The partial-layout feature 34 is representative of a portion of an active area contact. The active area contact comprises any suitable contact material or materials selected according to the requirements of a given device application. For example, the active area contact may comprise tungsten. The portion of primitive cell 12 indicated by reference numeral 36 is representative of a portion of an isolation region, which is a region or feature other than a partial-layout feature. The isolation region comprises any suitable isolation material or materials selected according to the requirements of a given transistor device application. For example, the isolation region may comprise an oxide.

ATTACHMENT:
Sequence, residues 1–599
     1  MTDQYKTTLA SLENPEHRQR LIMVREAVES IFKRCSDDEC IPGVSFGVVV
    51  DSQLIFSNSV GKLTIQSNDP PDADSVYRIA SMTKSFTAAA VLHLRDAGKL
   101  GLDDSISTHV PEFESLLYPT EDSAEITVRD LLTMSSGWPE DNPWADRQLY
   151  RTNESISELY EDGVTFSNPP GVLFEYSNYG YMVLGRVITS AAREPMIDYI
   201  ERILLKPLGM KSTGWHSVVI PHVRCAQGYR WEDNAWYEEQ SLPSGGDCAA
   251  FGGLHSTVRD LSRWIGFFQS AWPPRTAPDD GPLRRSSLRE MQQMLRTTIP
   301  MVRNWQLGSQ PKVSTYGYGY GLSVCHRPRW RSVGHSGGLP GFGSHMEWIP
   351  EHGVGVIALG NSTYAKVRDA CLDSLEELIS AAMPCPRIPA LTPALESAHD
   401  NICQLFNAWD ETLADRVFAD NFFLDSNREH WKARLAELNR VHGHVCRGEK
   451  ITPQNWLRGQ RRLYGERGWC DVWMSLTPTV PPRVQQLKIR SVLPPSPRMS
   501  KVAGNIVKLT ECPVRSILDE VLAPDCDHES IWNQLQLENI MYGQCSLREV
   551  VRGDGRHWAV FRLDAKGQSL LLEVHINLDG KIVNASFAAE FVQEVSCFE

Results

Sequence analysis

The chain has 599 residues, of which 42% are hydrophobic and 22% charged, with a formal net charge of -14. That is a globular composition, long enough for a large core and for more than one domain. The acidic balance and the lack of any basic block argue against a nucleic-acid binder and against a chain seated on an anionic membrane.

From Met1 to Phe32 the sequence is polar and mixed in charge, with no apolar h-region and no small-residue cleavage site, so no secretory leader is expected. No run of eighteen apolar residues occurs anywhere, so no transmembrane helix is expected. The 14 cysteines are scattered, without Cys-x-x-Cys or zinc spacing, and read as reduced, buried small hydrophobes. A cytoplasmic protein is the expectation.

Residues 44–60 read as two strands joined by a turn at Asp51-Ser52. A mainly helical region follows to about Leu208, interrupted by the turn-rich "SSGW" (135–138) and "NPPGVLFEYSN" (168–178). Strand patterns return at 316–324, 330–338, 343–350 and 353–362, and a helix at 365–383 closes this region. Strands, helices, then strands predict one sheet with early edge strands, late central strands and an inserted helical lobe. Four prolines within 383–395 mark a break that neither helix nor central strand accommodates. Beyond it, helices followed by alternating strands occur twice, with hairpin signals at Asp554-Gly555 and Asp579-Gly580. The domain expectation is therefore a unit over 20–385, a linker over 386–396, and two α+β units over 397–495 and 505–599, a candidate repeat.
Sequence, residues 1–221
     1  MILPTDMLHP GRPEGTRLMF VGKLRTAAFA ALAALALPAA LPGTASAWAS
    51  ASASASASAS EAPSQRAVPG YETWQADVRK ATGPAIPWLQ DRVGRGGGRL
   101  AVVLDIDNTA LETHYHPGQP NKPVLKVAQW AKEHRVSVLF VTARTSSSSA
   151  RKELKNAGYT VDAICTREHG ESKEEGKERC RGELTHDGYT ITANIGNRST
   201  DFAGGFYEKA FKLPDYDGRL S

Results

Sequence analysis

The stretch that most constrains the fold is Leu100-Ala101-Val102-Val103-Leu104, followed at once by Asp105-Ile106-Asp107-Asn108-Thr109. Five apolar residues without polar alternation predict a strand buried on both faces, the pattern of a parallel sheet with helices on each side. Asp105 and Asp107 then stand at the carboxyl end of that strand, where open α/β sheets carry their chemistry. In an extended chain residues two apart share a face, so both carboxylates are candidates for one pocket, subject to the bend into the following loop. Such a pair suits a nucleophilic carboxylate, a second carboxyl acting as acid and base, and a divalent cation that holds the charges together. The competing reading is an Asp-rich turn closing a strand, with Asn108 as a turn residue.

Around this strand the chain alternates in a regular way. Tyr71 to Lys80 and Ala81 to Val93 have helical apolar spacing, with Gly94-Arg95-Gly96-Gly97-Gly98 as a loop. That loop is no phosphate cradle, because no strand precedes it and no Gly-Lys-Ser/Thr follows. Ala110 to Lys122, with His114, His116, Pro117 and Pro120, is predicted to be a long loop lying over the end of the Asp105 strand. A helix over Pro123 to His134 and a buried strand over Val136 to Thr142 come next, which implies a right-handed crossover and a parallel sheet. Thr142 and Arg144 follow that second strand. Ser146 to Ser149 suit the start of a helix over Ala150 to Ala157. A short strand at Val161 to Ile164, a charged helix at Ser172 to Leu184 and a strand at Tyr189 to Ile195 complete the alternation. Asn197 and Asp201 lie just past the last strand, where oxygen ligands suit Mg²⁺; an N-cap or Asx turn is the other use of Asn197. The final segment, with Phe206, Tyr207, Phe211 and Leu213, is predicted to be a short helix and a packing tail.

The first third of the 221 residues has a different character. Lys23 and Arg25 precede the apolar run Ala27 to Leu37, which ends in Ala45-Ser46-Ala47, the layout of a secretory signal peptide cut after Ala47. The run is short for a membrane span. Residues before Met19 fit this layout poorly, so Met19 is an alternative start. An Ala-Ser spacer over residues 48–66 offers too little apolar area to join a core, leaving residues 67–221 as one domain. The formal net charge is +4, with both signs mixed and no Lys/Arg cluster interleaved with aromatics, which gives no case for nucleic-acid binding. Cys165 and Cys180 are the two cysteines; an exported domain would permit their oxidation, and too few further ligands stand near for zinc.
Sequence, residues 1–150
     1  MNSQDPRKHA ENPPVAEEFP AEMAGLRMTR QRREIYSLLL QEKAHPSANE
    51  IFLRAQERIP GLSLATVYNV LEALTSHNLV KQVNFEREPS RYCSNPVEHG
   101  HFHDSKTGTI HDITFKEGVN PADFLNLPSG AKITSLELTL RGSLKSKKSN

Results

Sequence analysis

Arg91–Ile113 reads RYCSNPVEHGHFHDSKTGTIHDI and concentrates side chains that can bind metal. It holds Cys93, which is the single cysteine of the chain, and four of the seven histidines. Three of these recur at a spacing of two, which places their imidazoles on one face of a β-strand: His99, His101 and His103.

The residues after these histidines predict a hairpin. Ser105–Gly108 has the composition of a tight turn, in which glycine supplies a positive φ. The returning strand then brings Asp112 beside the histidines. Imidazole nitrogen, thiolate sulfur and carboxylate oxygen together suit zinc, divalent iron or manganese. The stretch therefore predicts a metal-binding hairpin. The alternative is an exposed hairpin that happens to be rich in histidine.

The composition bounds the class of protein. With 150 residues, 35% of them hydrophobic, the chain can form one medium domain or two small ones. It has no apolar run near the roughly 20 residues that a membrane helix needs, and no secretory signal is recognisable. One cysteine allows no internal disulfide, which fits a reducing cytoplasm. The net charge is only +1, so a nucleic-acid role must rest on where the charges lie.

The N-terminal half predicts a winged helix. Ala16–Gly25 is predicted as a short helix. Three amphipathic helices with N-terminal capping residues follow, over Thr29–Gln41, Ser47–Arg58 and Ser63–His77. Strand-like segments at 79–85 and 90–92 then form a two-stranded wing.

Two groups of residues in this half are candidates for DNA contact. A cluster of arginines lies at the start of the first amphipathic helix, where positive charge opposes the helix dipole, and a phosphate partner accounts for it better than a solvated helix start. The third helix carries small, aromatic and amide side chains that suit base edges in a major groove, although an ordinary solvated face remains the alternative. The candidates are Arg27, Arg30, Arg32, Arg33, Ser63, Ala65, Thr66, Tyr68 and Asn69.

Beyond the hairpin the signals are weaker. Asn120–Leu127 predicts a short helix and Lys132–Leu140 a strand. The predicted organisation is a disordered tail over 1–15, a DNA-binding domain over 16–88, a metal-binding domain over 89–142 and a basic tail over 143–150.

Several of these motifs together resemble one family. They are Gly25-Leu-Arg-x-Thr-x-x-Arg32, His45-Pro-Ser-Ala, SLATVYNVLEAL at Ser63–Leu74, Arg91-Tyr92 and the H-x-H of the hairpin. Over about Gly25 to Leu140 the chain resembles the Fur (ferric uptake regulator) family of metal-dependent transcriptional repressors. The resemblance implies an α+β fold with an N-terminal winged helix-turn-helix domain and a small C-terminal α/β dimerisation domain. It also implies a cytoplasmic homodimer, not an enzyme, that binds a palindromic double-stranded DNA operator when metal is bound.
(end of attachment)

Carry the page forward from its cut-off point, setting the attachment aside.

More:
Further with respect to primitive cell 12 of FIG. 1, several dimensions are illustrated by reference numerals 38, 40 and 42. Dimension 38 is representative of a partial gate length of a gate electrode. Dimension 40 is representative of a length of a source/drain extension, beyond the gate electrode. Dimension 42 is representative of a portion of an isolation region 36 within primitive cell 12. In particular, dimension 42 comprises a dimension that is defined according to a design rule regarding the spacing between adjacent active regions. Accordingly, when primitive cell 12 is coupled to another cell at edge 20, there is provided an appropriate isolation between adjacent active regions according to the design rules for the given technology.

Further with respect to FIG. 1, primitive cell 14 includes four side edges 50, 52, 54, and 56. Each side edge of the primitive cell is characterized by a predetermined edge code, as will be discussed further herein. Primitive cell 14 further includes partial-layout features 58, 60, and 62. Furthermore, a portion of primitive cell 14 includes a region or feature other than partial-layout features, generally indicated by reference numeral 64.